Note: this transcription was produced by automatic voice recognition software. It has been corrected by hand, but may still contain errors. We are very grateful to Tim Wittenborg for his production of the automated transcripts and for the efforts of a team of volunteer listeners who corrected the texts.
Peter Adamson: Today our episode topic is going to be emotions, which is something that has occasionally arisen in the podcast. Maybe the most obvious thing is that I talked about Seneca's treatise On Anger. Obviously, that's about an emotion, namely anger. But it's not something that I've talked about a lot in this series, and it may seem a surprising topic for some listeners. Could you say why philosophers should be interested in emotions?
Martin Pickavè: Yes, I don't think it's surprising because emotions are part of our mental life, a very important part. Well, we might go around the world and only act on careful deliberation, but often we interact with the world and our fellow citizens by being angry at them, loving them, hating them, and so on. So they're an important part of how we manage to get around. And philosophers in the medieval period saw that as well, for example, in Aquinas, who provides - at least in terms of pages and words, the most comprehensive account of emotions before the early modern period. He has a whole series of questions in the Prima Secunda in the part on the principles of action. So he takes very seriously the idea that emotions are principles of action and required to be discussed in the same way as, for example, the will and virtues have to be discussed as well, because they are also principles of action. That's one reason why philosophers should be interested in emotions. Another reason is, of course, that at least in classical Aristotelian philosophy, emotions are that which are moderated by the virtues. So temperance moderates our desires. And of course, if you want to understand the nature of virtues, you have to understand the nature of the things that are moderated. So I can't imagine any complete moral psychology that is not also covering the phenomenon of emotions.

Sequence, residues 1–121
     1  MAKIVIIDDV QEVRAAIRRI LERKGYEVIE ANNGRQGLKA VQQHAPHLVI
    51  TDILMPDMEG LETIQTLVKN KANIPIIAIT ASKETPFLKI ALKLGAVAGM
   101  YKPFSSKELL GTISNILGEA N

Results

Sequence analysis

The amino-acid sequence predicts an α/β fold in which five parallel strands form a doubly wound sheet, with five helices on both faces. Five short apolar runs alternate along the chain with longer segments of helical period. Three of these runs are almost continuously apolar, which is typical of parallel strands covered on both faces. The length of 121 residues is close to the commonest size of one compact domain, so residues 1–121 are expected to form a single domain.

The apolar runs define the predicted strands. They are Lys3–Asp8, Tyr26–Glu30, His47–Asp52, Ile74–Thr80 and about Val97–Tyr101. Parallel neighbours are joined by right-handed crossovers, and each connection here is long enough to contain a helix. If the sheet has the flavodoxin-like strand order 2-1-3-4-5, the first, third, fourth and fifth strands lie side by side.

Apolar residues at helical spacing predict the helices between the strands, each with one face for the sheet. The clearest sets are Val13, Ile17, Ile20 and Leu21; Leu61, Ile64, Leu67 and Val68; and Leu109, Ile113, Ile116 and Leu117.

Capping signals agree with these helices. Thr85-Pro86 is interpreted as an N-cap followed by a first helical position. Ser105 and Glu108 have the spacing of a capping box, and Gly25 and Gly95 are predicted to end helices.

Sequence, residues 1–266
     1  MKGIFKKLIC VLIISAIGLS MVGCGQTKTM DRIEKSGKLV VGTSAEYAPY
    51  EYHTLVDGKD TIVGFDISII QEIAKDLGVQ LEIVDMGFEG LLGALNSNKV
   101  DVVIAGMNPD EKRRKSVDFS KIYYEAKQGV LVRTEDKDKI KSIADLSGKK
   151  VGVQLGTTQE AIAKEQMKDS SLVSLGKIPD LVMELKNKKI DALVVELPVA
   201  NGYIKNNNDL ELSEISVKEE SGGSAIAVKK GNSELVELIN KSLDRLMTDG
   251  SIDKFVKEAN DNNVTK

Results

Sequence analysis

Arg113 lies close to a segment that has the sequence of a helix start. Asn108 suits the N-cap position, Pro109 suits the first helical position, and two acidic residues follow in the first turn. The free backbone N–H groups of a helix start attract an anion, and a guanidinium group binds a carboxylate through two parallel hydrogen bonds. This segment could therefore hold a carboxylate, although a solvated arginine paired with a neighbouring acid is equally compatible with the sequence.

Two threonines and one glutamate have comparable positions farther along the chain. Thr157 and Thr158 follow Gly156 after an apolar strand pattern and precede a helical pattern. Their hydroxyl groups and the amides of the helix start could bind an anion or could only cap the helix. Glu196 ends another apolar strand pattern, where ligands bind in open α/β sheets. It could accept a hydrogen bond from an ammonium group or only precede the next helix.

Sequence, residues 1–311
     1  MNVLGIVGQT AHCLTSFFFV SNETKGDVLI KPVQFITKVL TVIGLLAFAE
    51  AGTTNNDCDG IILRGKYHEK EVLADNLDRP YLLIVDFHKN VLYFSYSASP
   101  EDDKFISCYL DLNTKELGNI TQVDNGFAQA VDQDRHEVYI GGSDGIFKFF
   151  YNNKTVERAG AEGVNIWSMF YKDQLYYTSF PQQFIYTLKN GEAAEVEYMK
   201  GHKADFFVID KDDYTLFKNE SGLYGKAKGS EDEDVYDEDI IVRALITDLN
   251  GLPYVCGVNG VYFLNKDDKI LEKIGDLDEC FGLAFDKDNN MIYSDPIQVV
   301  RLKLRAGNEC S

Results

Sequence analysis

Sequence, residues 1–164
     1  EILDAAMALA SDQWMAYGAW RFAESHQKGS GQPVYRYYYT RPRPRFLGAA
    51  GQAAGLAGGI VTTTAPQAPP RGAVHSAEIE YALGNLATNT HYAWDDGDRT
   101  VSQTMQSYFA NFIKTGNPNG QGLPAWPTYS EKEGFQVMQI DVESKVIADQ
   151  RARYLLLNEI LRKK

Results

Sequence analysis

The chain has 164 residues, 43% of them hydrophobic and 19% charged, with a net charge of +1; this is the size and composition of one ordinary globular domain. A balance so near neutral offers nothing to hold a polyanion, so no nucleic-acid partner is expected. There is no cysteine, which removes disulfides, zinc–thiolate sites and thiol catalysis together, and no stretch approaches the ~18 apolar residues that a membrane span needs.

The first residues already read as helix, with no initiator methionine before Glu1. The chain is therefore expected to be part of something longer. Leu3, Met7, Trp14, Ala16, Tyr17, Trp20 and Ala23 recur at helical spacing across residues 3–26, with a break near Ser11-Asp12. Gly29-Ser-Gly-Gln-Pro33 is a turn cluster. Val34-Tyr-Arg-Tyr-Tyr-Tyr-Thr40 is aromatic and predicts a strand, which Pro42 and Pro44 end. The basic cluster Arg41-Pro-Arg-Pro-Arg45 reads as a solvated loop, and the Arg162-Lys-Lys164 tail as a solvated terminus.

Peter Adamson: Can I just ask you a quick terminological question here: in antique philosophy, when people talk about emotions, usually they're talking about "pathe," which has this very strong connotation of passivity. And I guess that the Latin word that comes closest to our word emotions is "passiones." Is that right? So yes, it's effectively the Latin version of the same.